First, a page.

Oprah Winfrey has visited California’s Pelican Bay State Prison for an upcoming 60 Minutes special on solitary confinement.
In her second assignment for the show, she went inside the facility that's home to some of the state’s most dangerous inmates.
Those in solitary confinement spend up to 22 hours a day in their cell with zero human contact.
On CBS This Morning Wednesday, she discussed 60 Minutes' method of producers screening her stories.
“I love the process of sitting in a room and everybody tearing your stuff apart,” she said.
She also spoke about the Harvey Weinstein scandal.
“This is what I do know for sure: When something this major happens, when you have the fallout, 50 women coming forward, that's a watershed moment. And what I do believe is actually happening is that, first of all, it's triggering a lot of unreleased pain, repressed anger, guilt and suffering that a lot of women have had," Winfrey said.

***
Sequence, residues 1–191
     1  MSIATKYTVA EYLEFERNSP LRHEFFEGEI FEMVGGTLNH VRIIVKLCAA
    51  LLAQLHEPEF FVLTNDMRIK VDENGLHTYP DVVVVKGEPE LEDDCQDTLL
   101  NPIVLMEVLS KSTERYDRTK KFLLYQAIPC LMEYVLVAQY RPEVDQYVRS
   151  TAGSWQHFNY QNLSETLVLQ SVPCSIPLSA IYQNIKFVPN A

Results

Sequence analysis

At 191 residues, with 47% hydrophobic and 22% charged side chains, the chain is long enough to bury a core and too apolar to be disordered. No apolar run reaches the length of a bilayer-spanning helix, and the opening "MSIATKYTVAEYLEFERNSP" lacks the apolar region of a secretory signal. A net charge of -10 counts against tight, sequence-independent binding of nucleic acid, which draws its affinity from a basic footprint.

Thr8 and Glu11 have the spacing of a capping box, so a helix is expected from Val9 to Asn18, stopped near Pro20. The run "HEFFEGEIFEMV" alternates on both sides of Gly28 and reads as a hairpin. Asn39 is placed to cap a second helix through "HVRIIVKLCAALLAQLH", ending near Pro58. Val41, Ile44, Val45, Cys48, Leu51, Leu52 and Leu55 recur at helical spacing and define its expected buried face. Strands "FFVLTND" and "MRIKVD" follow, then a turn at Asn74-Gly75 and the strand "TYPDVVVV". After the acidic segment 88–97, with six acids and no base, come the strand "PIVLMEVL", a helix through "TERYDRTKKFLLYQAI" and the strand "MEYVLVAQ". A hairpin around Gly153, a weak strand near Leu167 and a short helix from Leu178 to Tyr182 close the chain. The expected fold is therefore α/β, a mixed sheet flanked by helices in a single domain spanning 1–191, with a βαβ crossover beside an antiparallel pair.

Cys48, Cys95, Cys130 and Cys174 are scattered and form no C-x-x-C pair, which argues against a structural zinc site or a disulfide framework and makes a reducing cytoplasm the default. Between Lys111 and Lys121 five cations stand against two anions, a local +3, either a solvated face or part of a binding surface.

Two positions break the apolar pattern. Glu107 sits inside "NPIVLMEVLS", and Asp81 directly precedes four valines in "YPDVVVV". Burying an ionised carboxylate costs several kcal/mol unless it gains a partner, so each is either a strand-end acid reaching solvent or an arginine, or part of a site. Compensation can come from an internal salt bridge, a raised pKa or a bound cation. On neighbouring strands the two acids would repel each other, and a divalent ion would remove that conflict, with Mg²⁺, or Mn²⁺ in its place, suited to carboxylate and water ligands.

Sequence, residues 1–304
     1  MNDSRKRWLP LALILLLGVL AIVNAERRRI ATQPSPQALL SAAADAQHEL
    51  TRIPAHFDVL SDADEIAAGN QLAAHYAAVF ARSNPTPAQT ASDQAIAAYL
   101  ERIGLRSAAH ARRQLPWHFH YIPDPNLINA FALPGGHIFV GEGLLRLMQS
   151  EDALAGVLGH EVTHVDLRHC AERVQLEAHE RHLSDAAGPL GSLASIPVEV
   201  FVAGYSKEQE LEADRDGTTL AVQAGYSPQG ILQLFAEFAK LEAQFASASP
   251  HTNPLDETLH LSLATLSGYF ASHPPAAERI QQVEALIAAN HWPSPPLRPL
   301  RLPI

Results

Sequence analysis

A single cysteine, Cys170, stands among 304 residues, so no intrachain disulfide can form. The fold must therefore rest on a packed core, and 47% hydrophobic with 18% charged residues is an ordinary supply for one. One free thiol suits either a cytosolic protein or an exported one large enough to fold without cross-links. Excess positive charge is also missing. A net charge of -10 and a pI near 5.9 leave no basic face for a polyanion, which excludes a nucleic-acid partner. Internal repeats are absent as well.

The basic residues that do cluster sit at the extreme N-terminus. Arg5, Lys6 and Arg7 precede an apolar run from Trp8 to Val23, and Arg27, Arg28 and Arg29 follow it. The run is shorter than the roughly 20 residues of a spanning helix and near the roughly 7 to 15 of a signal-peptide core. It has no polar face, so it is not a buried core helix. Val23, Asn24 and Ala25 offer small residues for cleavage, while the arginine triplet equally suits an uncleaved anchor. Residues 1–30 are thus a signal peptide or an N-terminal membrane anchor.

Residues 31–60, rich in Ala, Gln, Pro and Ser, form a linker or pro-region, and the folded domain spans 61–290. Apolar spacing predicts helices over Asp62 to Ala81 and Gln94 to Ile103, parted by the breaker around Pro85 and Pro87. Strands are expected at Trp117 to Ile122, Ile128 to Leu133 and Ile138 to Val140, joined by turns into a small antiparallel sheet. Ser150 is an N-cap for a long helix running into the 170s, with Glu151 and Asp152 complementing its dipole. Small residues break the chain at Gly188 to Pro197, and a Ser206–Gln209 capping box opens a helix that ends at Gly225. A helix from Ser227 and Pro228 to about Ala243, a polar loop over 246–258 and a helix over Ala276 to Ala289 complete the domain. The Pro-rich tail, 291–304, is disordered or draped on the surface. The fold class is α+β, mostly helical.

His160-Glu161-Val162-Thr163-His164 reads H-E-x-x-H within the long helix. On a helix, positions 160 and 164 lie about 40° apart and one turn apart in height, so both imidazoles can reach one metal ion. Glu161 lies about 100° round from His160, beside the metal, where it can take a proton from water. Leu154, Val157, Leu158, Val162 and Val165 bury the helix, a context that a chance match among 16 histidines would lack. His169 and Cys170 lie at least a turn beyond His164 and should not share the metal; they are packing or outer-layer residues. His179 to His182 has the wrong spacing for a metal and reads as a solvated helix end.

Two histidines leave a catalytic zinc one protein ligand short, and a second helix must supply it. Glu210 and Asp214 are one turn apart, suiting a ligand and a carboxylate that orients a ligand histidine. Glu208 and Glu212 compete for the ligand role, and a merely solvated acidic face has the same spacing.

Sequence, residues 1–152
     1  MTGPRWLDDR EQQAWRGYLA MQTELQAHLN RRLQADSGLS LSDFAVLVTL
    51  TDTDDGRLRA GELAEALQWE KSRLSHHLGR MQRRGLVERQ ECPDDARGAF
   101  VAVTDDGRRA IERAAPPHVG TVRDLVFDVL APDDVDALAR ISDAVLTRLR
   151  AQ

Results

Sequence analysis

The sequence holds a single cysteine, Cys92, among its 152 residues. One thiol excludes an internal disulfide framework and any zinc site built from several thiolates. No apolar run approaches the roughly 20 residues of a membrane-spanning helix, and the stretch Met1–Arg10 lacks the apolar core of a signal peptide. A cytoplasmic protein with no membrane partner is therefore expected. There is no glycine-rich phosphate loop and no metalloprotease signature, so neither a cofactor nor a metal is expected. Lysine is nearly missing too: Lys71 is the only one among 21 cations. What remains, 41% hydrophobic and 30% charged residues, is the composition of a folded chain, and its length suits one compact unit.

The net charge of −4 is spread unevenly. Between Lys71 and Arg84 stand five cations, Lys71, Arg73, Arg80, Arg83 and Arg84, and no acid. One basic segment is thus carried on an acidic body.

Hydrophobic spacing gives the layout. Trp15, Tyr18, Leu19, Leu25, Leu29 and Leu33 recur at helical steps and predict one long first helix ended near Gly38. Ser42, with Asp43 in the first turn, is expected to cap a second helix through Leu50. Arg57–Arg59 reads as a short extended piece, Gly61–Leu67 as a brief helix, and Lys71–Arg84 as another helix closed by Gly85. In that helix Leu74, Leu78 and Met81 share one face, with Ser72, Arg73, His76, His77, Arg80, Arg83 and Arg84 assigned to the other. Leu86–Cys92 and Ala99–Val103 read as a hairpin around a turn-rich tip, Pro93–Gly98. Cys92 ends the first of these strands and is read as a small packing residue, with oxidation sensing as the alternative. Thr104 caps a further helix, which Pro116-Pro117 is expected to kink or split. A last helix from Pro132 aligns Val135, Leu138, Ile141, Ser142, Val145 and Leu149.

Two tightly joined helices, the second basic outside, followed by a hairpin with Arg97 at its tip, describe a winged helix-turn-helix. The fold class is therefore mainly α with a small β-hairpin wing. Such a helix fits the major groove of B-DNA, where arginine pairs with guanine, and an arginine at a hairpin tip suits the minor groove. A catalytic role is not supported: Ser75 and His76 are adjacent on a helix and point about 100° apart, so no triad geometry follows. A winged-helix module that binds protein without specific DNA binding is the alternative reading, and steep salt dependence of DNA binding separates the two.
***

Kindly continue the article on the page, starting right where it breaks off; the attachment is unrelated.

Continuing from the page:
“If we make this just about Harvey Weinstein, then we will have lost this [watershed] moment," Winfrey added. "I think this is a moment where no matter what business you work in, there have been women who not only had the disease to please, that's a part of it, but who felt that in order to keep my job, in order to keep my positioning, in order to keep moving forward, I've got to smile. I've got to look the other way. I've got to pretend he didn't say that, I've got to pretend he didn't touch me — I think those days are about to be over."
Winfrey’s 60 Minutes assignment inside Pelican Bay State Prison will air Sunday on CBS.